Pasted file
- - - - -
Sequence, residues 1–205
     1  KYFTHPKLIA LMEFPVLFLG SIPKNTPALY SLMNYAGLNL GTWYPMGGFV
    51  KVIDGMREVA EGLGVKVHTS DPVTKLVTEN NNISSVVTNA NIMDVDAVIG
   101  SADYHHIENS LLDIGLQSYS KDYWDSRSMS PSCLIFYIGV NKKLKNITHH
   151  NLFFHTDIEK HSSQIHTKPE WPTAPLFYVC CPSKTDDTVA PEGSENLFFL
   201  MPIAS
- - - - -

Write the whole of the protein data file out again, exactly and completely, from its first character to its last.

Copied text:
Sequence, residues 1–205
     1  KYFTHPKLIA LMEFPVLFLG SIPKNTPALY SLMNYAGLNL GTWYPMGGFV
    51  KVIDGMREVA EGLGVKVHTS DPVTKLVTEN NNISSVVTNA NIMDVDAVIG
   101  SADYHHIENS LLDIGLQSYS KDYWDSRSMS PSCLIFYIGV NKKLKNITHH
   151  NLFFHTDIEK HSSQIHTKPE WPTAPLFYVC CPSKTDDTVA PEGSENLFFL
   201  MPIAS